Native plants sustain birds, bees and butterflies
If you’re looking to create a beautiful, low-maintenance garden that also helps birds, bees and butterflies, planting native plant perennials is for you! Not only will you enjoy the ever-changing colour as they bloom throughout the garden season, you’ll provide important habitat that will bring your garden to life.
Here are some native plants for Ontario gardeners – they are all easy to find at local native plant nurseries and easy to care for:
- Wild columbine (Aquilegia canadensis) – a lovely spring bloomer that will do well in part-shade or shade
- Wild ginger (Asarum canadense) – lush, heart-shaped leaves make this a wonderful ground cover in shady areas
- Butterfly weed (Asclepias tuberosa) – this sun lover has bright orange blooms that add a brilliant hit of colour and attract Monarch butterflies
- New England aster (Symphyotrichum novae-angliae) – who says your garden is past it when September rolls around? These purple blooms cheer up any sunny space, attracting native bees and Painted Lady butterfies.
- Goldenrod (Solidago spp.) – there are so many kinds to choose from for both sunny and shadier locales, another bee and butterfly powerhouse (and there’s no need to worry about allergies – all the blame for that lies with ragweed!) Zigzag Goldenrod (Solidago flexicaulis) is ideal for shadier spots; Stiff Goldenrod (Solidago rigida) is a great choice for full sun.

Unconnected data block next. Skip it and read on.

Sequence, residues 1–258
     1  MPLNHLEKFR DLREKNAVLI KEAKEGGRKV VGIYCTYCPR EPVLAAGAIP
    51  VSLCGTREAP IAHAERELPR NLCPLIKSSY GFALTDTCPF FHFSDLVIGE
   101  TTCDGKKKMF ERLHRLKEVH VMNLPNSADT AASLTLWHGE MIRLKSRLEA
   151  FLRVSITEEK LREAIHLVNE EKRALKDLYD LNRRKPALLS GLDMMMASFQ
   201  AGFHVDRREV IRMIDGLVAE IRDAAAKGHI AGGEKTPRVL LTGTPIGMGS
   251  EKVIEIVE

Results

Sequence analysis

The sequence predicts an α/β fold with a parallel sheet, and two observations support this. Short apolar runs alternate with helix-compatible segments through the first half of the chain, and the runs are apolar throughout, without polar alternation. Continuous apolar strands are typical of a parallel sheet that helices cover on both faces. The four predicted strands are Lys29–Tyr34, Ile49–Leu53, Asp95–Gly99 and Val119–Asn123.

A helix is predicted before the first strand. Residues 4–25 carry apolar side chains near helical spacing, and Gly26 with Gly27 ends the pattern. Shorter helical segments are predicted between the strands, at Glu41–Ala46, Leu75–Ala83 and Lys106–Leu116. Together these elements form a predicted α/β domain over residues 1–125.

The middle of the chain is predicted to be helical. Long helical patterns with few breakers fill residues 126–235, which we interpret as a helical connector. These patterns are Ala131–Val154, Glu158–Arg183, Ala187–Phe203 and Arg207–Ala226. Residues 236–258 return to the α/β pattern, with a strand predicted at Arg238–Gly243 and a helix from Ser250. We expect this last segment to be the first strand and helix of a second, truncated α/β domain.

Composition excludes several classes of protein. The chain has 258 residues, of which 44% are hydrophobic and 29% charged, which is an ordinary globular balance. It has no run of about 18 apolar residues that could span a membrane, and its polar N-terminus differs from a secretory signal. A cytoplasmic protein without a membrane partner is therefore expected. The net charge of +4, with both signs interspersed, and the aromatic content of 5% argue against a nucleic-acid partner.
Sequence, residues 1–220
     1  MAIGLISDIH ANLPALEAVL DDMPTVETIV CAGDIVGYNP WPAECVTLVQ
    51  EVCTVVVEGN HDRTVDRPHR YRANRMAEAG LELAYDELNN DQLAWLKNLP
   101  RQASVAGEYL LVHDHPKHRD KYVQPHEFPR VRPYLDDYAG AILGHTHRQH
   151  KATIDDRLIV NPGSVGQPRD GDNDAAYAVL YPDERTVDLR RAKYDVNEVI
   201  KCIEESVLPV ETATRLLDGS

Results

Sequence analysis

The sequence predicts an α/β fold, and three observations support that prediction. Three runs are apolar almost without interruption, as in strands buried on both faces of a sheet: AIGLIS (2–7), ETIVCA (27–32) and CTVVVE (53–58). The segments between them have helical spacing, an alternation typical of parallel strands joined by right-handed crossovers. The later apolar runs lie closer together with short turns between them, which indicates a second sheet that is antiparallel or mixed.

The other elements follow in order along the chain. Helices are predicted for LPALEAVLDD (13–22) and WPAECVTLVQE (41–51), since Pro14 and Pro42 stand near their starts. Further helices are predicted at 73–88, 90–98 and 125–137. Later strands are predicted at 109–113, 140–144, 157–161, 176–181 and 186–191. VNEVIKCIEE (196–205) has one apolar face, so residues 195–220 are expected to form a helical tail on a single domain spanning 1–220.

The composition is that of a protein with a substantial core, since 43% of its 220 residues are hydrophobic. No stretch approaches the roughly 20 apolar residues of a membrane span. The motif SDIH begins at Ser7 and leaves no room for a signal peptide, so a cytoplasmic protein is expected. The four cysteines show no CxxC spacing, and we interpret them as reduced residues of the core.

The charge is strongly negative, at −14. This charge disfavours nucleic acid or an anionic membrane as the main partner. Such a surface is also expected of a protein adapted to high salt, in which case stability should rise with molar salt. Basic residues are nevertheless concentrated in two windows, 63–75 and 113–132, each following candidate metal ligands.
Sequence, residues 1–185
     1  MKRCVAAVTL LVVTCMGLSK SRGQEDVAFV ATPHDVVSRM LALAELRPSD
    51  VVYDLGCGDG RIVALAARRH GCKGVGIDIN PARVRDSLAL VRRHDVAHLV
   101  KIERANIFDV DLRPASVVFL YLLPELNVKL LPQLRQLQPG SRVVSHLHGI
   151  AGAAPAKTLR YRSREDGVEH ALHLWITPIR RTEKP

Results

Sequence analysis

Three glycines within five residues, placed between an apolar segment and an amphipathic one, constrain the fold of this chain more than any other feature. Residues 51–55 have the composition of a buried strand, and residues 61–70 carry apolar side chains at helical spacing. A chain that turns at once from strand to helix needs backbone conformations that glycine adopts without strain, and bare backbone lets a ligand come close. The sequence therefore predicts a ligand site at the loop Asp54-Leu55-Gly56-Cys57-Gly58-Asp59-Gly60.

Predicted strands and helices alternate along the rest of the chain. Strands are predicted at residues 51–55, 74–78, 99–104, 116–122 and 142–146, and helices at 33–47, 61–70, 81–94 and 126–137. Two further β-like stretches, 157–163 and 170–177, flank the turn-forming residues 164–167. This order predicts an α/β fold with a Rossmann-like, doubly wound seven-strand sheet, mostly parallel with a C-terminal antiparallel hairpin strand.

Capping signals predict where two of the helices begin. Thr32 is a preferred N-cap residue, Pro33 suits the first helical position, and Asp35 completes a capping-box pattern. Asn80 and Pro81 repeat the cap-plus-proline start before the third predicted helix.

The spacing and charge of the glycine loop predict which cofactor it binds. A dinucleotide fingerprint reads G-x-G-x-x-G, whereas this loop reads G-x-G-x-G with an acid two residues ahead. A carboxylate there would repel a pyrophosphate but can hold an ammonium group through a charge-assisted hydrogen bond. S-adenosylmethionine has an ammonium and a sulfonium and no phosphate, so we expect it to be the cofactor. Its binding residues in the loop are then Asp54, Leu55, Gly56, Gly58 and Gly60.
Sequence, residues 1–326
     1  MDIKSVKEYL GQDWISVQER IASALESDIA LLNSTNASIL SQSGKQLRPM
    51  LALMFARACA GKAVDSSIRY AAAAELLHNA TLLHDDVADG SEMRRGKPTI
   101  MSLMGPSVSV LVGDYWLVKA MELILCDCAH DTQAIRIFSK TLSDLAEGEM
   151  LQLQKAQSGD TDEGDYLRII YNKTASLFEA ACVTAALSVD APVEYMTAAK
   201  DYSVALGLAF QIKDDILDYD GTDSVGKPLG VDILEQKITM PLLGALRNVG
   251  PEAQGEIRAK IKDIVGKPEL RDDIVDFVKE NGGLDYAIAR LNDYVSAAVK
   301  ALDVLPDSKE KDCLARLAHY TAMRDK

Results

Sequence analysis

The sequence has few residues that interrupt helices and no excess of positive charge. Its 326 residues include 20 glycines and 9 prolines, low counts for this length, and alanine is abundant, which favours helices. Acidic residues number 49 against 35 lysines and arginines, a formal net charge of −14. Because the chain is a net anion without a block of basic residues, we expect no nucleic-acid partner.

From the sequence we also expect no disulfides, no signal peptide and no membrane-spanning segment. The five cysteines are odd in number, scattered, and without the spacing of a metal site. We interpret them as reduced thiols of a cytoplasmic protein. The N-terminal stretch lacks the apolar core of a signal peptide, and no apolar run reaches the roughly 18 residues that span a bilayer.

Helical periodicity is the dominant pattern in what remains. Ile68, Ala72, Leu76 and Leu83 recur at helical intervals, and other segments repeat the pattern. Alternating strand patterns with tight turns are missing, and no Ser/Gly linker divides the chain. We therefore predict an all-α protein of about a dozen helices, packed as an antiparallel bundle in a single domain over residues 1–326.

- Wild bergamot, also known as bee balm (Monarda fistulosa) – with sweet pink or purplish blooms, this plant is loved by bees, birds and butterflies. Takes sun or part-shade. Provide good air circulation and drainage to prevent mildew.
- Purple coneflower (Echinacea purpurea) – considered ‘near’ natives in Ontario, purple coneflower is a long bloomer that can withstand dry conditions. Their seedheads also look great in the winter and are a food source for finches, chickadees, cardinals and other feathered friends.
- Swamp milkweed (Asclepias incarnata) – perfect for a rain garden, likes sun, host plant for Monarch butterflies and hummingbirds.
- Joe-Pye weed (Eutrochium maculatum). Forms a nice big bush, best in sun, a true pollinator magnet.
- Black-Eyed Susan (Rudbeckia hirta L.), a bright yellow charmer and long-bloomer that loves sun, takes dry conditions and attracts bees and butterflies. Birds will feast on the seed heads.
Before you make your choices, do some research to find out which native plants are best suited for your garden’s soil and light conditions, and consider the plants’ blooming times to ensure you have a mix of colour throughout the growing season.
By planting Ontario native plants in your garden, you can create a beautiful and sustainable landscape that supports local wildlife and helps protect the environment.